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  • Author or Editor: Jacques Bernier x
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Objective—To study effects of in vitro exposure of bovine leukocytes to mercury, cadmium, and lead on phagocytosis, natural killer cell activity, and lymphocyte proliferation.

Sample Population—Leukocytes from 6 nonpregnant Holstein heifers.

Procedure—Leukocytes were exposed in vitro to the aforementioned metals, and leukocyte functions were assessed.

Results—Phagocytosis was suppressed by 10−5 to 10−7 M CdCl2 and by 10−5 and 10−6 M HgCl2, but not 10−7 M HgCl2 nor 10−4 to 10−6 M PbCl2. Spontaneous and concanavalin A- or phytohemagglutinin-stimulated proliferation of metal-treated bovine blood mononuclear cells was not significantly different from that of nontreated control cells, except for enhanced spontaneous proliferation in response to 10−5 M HgCl2. When proliferation was expressed as a stimulation index, a dosedependent increase of spontaneous proliferation was observed in response to exposure to HgCl2 and PbCl2. Compared with response to 10−6 or 10−7 M CdCl2, reduction of mitogen-induced and spontaneous proliferation was observed on exposure to 10−5 M CdCl2. Natural killer cell activity against yeast artificial chromosome target cells, evaluated by flow cytometry, was decreased only in cells exposed to 10−5 M HgCl2.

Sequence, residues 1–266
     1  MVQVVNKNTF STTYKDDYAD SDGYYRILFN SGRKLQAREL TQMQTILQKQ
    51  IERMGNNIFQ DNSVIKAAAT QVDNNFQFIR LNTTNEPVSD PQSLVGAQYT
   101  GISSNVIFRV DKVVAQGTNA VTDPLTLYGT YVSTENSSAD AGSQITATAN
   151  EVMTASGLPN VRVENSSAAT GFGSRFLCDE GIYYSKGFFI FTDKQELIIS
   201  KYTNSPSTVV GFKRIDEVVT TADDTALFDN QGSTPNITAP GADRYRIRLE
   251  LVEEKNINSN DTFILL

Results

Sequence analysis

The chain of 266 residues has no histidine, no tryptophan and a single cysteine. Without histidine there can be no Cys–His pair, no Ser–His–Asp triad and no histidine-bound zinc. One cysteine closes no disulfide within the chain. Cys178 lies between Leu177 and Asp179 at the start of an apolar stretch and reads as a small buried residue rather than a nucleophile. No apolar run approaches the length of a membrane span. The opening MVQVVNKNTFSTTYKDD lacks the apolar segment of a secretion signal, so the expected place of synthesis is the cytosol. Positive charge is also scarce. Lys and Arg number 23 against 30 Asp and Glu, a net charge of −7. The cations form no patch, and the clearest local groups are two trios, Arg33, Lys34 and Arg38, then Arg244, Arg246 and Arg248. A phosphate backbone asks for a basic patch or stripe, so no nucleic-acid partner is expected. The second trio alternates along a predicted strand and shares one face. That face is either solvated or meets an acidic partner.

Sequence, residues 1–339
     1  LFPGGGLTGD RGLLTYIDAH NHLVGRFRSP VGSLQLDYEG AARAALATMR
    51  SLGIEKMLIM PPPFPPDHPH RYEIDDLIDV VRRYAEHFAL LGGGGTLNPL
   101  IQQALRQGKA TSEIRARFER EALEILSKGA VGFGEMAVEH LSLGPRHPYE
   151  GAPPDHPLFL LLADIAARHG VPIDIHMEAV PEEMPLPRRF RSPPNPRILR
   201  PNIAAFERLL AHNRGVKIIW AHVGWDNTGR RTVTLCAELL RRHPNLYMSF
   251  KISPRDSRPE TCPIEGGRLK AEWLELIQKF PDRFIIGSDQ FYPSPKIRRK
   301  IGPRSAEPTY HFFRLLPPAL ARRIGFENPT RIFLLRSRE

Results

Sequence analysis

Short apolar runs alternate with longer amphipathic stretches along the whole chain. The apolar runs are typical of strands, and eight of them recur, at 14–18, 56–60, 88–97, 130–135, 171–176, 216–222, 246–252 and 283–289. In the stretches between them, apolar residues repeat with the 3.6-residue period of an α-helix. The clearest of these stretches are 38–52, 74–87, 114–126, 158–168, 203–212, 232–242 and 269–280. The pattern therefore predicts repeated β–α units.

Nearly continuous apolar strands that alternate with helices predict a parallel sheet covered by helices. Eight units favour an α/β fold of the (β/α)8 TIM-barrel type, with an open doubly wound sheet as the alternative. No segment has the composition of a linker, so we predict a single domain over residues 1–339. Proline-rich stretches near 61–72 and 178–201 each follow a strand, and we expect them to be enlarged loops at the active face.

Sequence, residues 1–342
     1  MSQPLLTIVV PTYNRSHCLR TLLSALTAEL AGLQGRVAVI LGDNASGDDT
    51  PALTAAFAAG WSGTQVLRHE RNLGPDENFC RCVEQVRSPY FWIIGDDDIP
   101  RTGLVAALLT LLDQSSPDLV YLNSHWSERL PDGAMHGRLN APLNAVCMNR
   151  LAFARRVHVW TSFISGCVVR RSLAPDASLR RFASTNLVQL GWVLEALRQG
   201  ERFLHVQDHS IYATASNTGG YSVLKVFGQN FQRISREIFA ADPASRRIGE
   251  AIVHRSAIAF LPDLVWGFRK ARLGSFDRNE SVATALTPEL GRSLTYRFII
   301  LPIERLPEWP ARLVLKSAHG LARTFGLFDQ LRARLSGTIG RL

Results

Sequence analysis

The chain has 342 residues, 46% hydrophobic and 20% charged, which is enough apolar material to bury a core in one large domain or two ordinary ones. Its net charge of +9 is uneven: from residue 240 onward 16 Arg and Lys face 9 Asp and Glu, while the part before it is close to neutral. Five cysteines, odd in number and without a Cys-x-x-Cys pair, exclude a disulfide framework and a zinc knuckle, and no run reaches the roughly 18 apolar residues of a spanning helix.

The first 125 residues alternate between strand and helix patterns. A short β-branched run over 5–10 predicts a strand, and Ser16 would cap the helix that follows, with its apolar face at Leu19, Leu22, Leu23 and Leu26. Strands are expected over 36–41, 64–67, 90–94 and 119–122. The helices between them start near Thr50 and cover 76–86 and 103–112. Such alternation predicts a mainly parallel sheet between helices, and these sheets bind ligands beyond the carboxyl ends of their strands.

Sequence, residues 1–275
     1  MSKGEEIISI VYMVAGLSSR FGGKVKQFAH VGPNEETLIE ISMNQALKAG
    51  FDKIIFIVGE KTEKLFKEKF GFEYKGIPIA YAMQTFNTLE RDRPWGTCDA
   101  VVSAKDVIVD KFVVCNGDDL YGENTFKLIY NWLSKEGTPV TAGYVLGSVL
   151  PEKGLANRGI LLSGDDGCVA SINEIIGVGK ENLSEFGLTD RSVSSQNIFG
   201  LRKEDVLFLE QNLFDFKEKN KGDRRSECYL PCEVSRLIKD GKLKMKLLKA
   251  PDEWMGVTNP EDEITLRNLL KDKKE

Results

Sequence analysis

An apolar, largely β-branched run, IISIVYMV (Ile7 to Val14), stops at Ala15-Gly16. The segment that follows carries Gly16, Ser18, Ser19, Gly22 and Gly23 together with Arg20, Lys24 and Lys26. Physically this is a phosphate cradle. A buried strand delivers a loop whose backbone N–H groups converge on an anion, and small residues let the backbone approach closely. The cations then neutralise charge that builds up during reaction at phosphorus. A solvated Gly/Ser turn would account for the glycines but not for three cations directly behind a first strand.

Conclusion and Clinical Relevance—Bovine leukocytes are susceptible to the immunomodulatory effects of in vitro exposure to heavy metals at concentrations equal to or higher than those at which similar effects are seen for leukocytes from most other animal species for which data are available for comparison. Exception is phagocytosis, which is severely affected by low concentrations of CdCl2 and HgCl2 in cattle. Reduction of defense mechanisms on exposure to metals could lead to increased susceptibility to potential pathogens.(Am J Vet Res 2000;61:339–344)

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in American Journal of Veterinary Research